Why Personal Injury Cases Take So Long: Part IV – Discovery | NYC Personal Injury Attorney


Once a case begins, there is a “pipeline” of events through which the case must pass.   This pipeline is meant to insure that the case moves along as expeditiously as possible and that the parties to the lawsuit, and in particular their attorneys, take the necessary measures in a timely fashion so that the case will reach a conclusion within a somewhat reasonable time.  What “reasonable” consists of is undoubtedly measured differently by the client, and those used to working in the court system.

There are requirements for the submission of certain documents triggered by the initiation of the lawsuit.   After the service of the “Complaint” upon the Defendant, the Defendant must serve an “Answer” upon the Plaintiff.  The Answer virtually always contains a “Demand for a Bill of Particulars” from the  Plaintiff ..   The “Bill of Particulars”, provided to the Defendant by the Plaintiff, is then given in response to the Defendant’s Demand.  The Bill of Particulars sets forth answers to questions posed by the Defendant in the Defendant’s Demand, and usually covers many items, including the way the accident occurred and the specific injuries sustained by the Plaintiff as a result of the accident.

This “pipeline” also consists of certain required conferences where the attorneys set dates for the exchange of information between the parties, and set the dates for depositions, (commonly known as Examinations Before Trial) of the parties–opportunities for all parties to question each other about the facts of the case.   The information to be exchanged consists of such items as medical records, repair and maintenance records, employment information, school records and other items that may bear directly on the issues being raised in the particular case.

There is a target date set for when ALL discovery must be completed–often a year or more in advance of the first conference depending on the county where the case is brought–which is influenced by the case load in that court.  At that point a Note of  Issue must be filed, which places the case on the trial calendar of the court.   Your case is then “on line” waiting for a trial.  Again, depending on the county, this wait can be anywhere from several months to more than a year–depending on how crowded the trial calendar is in that county !

Delays often occur when one party or the other, for a variety of reasons, fails to provide the demanded information to the opposing party.  In that event the recourse is for the party seeking the information to make a “motion” in court asking the court to intercede and force the recalcitrant party to produce the information sought.  The aim is to attempt to complete all “Discovery” by the time set by the court for filing the “Note of Issue”. Contact one of our New York Personal Injury Attorneys today.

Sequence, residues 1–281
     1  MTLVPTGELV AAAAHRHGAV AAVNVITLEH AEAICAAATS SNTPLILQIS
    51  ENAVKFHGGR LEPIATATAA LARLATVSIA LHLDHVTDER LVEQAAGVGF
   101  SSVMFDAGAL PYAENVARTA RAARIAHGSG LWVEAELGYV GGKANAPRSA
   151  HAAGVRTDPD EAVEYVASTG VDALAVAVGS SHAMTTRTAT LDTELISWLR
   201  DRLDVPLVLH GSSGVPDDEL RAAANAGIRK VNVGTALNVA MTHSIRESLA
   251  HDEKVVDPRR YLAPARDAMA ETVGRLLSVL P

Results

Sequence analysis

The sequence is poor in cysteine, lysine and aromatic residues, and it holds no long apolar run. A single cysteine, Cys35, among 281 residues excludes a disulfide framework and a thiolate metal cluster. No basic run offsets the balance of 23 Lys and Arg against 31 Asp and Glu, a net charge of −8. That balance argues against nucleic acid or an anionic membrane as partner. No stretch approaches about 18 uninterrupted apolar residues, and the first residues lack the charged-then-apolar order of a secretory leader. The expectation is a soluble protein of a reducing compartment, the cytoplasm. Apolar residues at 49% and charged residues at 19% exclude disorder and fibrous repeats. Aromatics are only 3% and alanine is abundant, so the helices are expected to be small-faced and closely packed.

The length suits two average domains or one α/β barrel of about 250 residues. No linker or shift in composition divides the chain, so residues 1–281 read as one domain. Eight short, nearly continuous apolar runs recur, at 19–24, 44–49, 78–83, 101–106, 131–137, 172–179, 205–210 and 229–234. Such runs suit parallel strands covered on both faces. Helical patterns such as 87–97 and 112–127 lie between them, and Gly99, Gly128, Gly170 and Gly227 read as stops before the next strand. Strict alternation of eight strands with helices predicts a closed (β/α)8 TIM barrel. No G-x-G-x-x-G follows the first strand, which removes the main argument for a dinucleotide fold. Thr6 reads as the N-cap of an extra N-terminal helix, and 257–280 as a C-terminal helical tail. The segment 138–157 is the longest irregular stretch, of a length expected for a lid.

Why Personal Injury Cases Take So Long: Part III – Beginning Litigation


The beginning of litigation refers to the start of an actual lawsuit. In cases where a NOTICE OF CLAIM was required to be filed, the law prohibits the commencement of legal action before the Notice of Claim is filed AND before the agency or governmental subdivision against which it was filed has had an opportunity to question the claimant. This questioning is called a “50 H Hearing”, the statutory name for what is simply an oral deposition of the claimant. Sometimes the “50 H Hearing is waived by the governmental entity, sometimes not. Once the hearing is held, or waived, the papers to begin the lawsuit may be filed in court, and then served on the defendant or defendants. (You, the person bringing the lawsuit, is known as the PLAINTIFF). The filing of the papers in court BEGINS the actual lawsuit.

In cases that do not require the filing of a Notice of Claim, the papers to begin the lawsuit, generally a Summons and Complaint, may be filed in court and then served upon the defendant (or defendants) at any time. The service of the Summons and Complaint is usually performed by a professional process server that works for a Process Service company. There are legal requirements as to when and how legal documents may be served, and cases can arise where the method of service will be vital to the viability of that case. This is especially true in cases that are begun very near the expiration of the Statute of Limitations, when improper service can mean the time limit within which a lawsuit MUST be brought has expired, and there is no recourse!

Just a special note regarding Statutes of Limitations:

Never, ever think you have enough time to contact your attorney about a possible lawsuit “because my friend told me that I have three years…” Time limits within which you MUST bring lawsuits vary greatly. Most negligence actions have three year time limits, most medical malpractice have two and a half, most intentional acts require lawsuits within one year, and so on. However, there are exceptions to virtually every rule. Get to an experienced attorney by calling our New York City Law Firm at The Orlow Firm before your opportunity to litigate disappears!